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Coventry House, 29 (now 106) Piccadilly, London: designs for unexecuted alterations to the house, and for executed interior decoration, for the 6th Earl of Coventry, 1764-70 (57)

1764-70
George William, 6th Earl of Coventry (1722-1809), was the second son of the 5th Earl, and he succeeded his father in 1751. Coventry was considered a great leader of fashion, most notably from his patronage of French decorative arts, including the Gobelins tapestries that he purchased for his country house at Croome Court. In 1752 Coventry married his first wife, the famous Irish beauty, Maria Gunning (d1760), by whom he had two children, and in 1764 he married his second wife, Barbara St John (d1804), the daughter of the 10th Lord St John of Bletsoe. This second marriage brought a considerable amount of money to Coventry, and in that same year he purchased a new townhouse at 29 Piccadilly. Coventry was already in possession of townhouses on St James's Square and Grosvenor Square, and it has been suggested by Gordon that the motivation to purchase a third townhouse was to provide Barbara with a London home unconnected with Coventry's first wife, Maria.

29 Piccadilly was built on the site of an old inn called The Greyhound for Sir Henry Hunloke, 4th Baronet, of Wingerworth Hall, Derbyshire, in 1759-62. The house was built to the designs of an unknown architect, possibly Matthew Brettingham (1725-1803). Sir Henry had purchased a 99-year lease of the plot from the Earl of Bath, and in 1764 the remaining 94 years on the lease were transferred to Coventry for 10,000 guineas. Coventry immediately commissioned Robert Adam to remodel the principal (first) storey. We can see from the extant drawings that alterations to the fabric were also considered, although these were unexecuted, and further to this Adam also made improvements to the service rooms in the basement. Coventry's selection of Adam as his architect is unsurprising, as he was already working for Coventry at Croome Court. Moreover, Coventry employed various craftsmen at 29 Piccadilly who had already worked for him under Adam at Croome Court. These craftsmen included the sculptor Sefferin Alken (1717-82), the plaster Joseph Rose (1745-99), and the carpenter John Hobcraft (1720-1802).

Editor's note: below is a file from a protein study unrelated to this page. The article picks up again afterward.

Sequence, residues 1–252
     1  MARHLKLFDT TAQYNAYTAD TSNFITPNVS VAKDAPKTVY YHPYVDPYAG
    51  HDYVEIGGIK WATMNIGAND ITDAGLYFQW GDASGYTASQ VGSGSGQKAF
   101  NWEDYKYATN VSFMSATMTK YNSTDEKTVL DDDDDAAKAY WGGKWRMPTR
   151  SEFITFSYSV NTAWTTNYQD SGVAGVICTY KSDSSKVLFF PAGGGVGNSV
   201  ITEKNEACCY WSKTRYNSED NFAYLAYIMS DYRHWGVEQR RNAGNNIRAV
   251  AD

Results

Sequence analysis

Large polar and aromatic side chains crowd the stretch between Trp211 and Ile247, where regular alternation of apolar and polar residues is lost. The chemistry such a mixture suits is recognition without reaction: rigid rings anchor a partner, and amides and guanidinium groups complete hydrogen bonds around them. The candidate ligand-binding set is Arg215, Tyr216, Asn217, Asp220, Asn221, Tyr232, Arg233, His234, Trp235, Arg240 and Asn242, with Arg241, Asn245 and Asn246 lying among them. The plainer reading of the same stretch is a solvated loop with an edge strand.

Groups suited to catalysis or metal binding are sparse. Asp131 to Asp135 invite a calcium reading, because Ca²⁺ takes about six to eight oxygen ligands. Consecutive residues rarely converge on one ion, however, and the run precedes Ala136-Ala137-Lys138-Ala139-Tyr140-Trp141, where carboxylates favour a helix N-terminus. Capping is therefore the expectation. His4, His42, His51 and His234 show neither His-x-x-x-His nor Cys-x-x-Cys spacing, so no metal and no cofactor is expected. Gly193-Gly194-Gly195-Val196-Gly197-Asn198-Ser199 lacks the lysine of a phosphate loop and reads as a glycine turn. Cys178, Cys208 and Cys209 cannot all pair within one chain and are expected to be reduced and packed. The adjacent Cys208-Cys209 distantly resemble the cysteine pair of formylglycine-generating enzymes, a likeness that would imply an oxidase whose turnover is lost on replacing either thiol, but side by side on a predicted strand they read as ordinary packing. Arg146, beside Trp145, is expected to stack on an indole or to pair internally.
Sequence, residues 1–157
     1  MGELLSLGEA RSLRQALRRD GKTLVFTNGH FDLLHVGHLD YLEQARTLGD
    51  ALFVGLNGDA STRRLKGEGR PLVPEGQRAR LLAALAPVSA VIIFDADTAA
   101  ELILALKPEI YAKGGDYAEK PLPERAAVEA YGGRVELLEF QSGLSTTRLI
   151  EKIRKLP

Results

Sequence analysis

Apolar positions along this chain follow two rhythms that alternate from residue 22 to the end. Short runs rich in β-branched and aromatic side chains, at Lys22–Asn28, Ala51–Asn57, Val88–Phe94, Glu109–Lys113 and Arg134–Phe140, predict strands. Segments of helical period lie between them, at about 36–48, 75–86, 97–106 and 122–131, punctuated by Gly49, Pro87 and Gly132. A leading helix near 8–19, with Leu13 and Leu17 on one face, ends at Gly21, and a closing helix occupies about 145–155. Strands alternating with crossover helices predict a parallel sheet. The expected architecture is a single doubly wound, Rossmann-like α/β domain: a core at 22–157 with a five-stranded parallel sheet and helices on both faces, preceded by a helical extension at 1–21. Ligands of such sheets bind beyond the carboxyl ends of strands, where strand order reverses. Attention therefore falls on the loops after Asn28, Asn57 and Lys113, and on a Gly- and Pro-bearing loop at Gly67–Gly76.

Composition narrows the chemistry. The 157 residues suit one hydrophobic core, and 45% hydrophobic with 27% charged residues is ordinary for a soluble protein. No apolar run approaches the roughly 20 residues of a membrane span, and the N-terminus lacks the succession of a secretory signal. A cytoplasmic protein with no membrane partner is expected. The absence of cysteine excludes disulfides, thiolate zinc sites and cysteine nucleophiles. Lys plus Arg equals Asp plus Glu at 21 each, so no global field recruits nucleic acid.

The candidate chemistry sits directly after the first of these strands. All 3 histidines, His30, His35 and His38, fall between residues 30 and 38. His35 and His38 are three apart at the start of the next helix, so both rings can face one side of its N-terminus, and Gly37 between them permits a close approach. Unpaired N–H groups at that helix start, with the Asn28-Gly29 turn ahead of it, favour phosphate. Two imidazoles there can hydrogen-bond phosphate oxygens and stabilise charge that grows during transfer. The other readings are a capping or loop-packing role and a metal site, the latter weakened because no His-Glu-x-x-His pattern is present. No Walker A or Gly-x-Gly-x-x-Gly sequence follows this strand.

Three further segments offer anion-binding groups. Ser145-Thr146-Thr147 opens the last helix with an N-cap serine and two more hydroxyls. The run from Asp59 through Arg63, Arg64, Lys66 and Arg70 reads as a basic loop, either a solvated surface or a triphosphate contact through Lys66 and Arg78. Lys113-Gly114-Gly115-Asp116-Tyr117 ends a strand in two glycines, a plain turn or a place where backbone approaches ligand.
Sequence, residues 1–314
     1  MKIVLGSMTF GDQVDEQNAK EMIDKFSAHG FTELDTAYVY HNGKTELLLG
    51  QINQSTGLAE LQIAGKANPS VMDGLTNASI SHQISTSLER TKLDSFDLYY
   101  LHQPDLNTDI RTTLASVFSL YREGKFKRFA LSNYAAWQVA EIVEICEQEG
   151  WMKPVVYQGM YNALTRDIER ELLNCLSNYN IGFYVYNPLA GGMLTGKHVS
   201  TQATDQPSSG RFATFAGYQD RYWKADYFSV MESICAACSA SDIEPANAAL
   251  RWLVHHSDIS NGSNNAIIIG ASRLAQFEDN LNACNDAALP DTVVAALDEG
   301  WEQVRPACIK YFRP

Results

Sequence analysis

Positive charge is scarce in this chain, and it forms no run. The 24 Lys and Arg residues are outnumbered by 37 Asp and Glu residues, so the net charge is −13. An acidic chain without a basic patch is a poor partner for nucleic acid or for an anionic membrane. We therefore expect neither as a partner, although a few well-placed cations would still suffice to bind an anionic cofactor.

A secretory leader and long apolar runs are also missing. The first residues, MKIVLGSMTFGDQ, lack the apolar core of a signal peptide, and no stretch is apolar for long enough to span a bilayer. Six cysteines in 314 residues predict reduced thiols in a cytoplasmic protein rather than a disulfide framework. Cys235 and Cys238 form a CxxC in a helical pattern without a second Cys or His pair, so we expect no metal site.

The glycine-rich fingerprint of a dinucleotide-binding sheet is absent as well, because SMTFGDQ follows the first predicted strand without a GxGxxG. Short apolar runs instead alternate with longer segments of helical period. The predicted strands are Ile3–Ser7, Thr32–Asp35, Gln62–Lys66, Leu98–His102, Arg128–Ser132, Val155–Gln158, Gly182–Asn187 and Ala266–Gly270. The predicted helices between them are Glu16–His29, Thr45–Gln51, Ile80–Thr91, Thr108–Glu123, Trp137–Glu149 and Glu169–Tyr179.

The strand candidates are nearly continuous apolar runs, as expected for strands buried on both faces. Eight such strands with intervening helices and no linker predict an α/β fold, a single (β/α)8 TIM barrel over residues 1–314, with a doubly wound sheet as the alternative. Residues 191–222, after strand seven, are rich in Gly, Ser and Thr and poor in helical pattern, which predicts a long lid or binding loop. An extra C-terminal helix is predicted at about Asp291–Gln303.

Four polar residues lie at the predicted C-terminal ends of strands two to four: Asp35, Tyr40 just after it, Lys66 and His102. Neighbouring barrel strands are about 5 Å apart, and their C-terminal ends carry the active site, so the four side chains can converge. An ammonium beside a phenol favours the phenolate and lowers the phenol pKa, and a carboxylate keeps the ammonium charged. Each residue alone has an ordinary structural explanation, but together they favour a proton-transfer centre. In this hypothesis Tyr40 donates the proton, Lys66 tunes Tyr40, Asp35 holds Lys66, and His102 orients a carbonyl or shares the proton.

In 1810-11 the 7th Earl of Coventry commissioned repairs to his father's house, as well as a cast-iron balcony for the principal front, and the heightening of the top storey. This work was executed to designs by Thomas Cundy (1765-1825). Apart from Cundy's early nineteenth-century balcony, and heightening work, the original fa├žade survives. The house remained the principal London residence of the Earls of Coventry until 1848 when it became the home of comte de Flahault de la Bellarderie, Napoleon III's ambassador to Britain. Then in 1868 it was purchased by George Warren, Baron de Tabley, a trustee of the St James' Club, who gave the house over to the club almost immediately. 29 Piccadilly remained the location of the St James' Club for over a century, until it merged with Brooks's Club in 1978. During the tenure of St James' various alterations were made, including the demolition of the stables to accommodate a rear extension. In this area a card room was added by Edward Robert Robson (1836-1917) in 1880, and a further extension was made to the east of the building in 1912 by Albert Palser (ND), of Messrs Maple and Co., including two domed billiard rooms. Number 29 Piccadilly (now number 106) was recently the location of International House, a language school, but in 2007 it was acquired by Limkokwing University.

See also: Croome Court

Literature:
A.T. Bolton, The architecture of Robert and James Adam, 1922, Volume II, index pp. 44, 67; E. Harris, The furniture of Robert Adam, 1963, pp. 57, 67, 68, 86, 93-94; D. Stillman, The decorative work of Robert Adam, 1966, pp. 44-45, 91, 107-8; H. Hayward, and P. Kirkham, William and John Linnell: eighteenth-century London furniture makers, 1980, Volume I, pp. 103-106; T. Murdoch, 'A mirror designed by Robert Adam: an Adam mirror for Coventry House returns to London', National Art Collections Fund Annual Report, 1992, pp. 44-47; C. Gordon, The Coventrys of Croome, 2000, pp. 2, 102, 133-35, 148; E. Harris, The genius of Robert Adam: his interiors, 2001, chapter 3; D. King, The complete works of Robert & James Adam and unbuilt Adam, 2001, Volume I, pp. 307, 309; S. Bradley, and N. Pevsner, The buildings of England: London 6: Westminster, 2003, p. 564

Frances Sands, 2012
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